Question 16

Discuss the options for the definitive management of acute severe lower gastrointestinal bleeding, including the potential advantages and disadvantages of each option.

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College Answer

Syllabus topic/section:
2.1.6 Gastrointestinal Intensive Care – L1.
To allow the candidate to demonstrate knowledge of management of a common life-threatening condition to the standard of a transitional fellow.
Generally, candidates performed well in this question. Candidates who performed less well did so because they did not do what the question specified and therefore did not gain the marks available.
For example, many candidates wrote detailed notes about aetiology and general supportive care when the question specifically asked for "options for definitive management" only. Several candidates might have gained a few extra marks with the additional time this could have created had they focused on the question.
It is frustrating for candidates (and SOTs) to reflect on why candidates did less well than they imagined as they “wrote a lot”. If, however, the information they have provided is not what was requested, it will therefore attract no marks. The way to improve is to practice answering SAQs and show them to as many colleagues as possible so that this skill is reproducible under examination conditions.
Candidates are encouraged to reflect on ALL the key parts of the knowledge that might be required to answer a question. One minute spent entitling a section and adding a few simple points is much better than spending all 10-minutes demonstrating only some of the required knowledge areas.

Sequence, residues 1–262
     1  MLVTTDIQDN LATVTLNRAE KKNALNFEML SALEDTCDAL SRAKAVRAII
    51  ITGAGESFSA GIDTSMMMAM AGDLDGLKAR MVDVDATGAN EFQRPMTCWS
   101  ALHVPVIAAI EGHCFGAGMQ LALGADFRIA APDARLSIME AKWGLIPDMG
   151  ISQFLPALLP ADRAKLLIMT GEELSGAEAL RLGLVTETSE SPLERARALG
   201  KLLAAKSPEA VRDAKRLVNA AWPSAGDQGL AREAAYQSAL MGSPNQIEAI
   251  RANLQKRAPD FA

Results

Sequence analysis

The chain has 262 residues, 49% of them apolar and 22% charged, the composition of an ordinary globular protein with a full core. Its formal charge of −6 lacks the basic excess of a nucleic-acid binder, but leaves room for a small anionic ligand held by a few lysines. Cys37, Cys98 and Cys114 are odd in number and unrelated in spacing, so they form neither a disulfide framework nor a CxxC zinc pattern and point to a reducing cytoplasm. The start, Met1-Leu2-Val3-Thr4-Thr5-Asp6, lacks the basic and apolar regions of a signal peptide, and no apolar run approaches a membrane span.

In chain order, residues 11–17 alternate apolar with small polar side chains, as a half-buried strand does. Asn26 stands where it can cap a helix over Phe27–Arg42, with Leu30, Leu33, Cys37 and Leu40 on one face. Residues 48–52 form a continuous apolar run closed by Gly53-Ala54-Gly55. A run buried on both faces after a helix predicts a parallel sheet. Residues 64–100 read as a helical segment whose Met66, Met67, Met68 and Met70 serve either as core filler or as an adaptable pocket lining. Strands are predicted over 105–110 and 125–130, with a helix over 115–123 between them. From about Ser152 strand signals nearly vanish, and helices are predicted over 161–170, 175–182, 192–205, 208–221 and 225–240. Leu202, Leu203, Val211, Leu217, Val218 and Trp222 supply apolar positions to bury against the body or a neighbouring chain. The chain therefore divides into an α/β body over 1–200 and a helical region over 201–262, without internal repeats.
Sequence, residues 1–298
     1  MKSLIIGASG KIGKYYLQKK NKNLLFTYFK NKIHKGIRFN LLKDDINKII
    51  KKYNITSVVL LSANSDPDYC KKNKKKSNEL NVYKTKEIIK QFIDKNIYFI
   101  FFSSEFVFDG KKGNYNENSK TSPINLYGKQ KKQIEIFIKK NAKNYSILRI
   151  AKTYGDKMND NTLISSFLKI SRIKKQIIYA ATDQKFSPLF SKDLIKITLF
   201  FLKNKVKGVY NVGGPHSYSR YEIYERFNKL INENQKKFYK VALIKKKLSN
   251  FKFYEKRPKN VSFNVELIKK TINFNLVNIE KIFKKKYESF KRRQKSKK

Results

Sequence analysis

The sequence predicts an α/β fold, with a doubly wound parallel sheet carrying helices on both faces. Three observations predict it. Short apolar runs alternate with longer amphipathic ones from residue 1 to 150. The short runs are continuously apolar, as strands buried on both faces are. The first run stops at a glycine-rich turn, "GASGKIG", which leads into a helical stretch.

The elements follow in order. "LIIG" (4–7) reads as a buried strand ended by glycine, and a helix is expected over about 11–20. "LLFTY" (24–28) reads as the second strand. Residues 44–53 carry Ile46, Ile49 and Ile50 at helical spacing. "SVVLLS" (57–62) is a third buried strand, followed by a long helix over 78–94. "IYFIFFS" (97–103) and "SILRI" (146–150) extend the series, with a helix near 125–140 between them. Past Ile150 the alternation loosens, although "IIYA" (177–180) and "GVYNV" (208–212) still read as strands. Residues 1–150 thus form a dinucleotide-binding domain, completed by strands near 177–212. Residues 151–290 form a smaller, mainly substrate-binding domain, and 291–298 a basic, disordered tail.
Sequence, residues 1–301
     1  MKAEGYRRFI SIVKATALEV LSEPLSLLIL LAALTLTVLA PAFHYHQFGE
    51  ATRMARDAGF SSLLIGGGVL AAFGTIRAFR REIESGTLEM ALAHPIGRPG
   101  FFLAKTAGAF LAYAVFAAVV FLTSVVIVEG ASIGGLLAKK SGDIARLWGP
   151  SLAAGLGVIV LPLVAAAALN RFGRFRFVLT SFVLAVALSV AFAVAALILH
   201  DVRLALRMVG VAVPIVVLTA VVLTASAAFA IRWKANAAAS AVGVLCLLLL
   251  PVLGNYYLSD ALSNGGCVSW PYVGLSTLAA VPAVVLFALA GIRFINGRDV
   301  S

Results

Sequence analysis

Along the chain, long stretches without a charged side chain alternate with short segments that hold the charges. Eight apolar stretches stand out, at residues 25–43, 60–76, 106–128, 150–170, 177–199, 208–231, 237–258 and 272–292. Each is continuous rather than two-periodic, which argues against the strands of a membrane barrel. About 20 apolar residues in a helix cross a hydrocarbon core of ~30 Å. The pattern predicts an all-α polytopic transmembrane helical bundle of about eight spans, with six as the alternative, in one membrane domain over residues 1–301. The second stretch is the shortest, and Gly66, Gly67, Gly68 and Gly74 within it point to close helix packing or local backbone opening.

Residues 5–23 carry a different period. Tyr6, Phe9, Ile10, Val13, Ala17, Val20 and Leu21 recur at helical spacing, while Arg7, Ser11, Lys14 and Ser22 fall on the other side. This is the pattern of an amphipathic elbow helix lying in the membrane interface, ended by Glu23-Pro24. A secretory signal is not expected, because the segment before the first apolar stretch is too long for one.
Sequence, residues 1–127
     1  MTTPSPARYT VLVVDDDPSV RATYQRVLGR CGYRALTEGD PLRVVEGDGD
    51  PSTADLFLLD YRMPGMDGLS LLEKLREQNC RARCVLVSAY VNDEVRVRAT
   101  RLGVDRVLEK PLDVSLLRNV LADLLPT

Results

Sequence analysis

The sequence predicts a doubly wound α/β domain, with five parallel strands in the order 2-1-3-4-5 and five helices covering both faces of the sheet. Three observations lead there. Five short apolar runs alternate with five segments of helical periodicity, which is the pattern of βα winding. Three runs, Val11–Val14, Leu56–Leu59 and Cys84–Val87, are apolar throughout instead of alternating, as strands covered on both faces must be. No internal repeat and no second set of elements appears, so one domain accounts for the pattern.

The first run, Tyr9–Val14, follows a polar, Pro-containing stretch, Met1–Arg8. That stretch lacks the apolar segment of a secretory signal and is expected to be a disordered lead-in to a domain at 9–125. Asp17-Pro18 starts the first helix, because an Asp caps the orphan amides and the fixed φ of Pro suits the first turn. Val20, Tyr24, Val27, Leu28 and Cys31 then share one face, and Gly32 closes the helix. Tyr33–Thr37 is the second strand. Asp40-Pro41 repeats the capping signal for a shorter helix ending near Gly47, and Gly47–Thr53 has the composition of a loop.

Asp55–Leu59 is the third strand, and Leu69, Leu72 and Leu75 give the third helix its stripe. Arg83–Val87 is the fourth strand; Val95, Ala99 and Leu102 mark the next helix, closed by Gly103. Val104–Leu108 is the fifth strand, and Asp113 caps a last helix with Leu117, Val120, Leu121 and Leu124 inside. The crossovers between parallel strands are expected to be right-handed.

On the next page is the marking rubric. Please note the rubric is in tabulated form, however this was not required in the candidate answer, simple headings and bullet point structure was sufficient. Consider how the marking grid prioritises higher level facts, understanding of the subject and short- and long-range insight in the ramifications of the therapeutic options available. Ability to demonstrate this will achieve the written standard required of a transition level fellow that is ready for independent practice.

Marking rubric


Minimal detail, mostly missing/blank or only simple points, e.g. mentions radiation exposure only.

0-1.5 marks

Some detail,

e.g. recognizes the safety aspect of transport to/from angio as a disadvantage.

1.5-2 marks

Good amount of information and insight, e.g. recognizes the short timeframe between CTA and DSA, need to quickly organise an IR suite or hybrid theatre, anaesthetist, IR radiologist,

2-3 marks

Shows a thorough understanding of the advantages and disadvantages including staffing, Safety profile and limitations of intervention.

Knows rate of blood loss (<0.5ml/min) as a detailed and important limitation of the procedure

3-4 marks


Minimal detail, i.e. only mentions the obvious (direct visualization of bleeding structures, as an advantage, etc.)

<1.5 marks

Some details, essential points, e.g. recognizes the loss of value from unprepped colon as a major disadvantage. notes the anatomical extent limitations of endoscopy, mentions the risk of perforation.

1.5 marks-2 marks

All the important disadvantages; brings up good advantages, e.g. ability to get biopsy samples or multiple options for hemostasis.

2-2.5 marks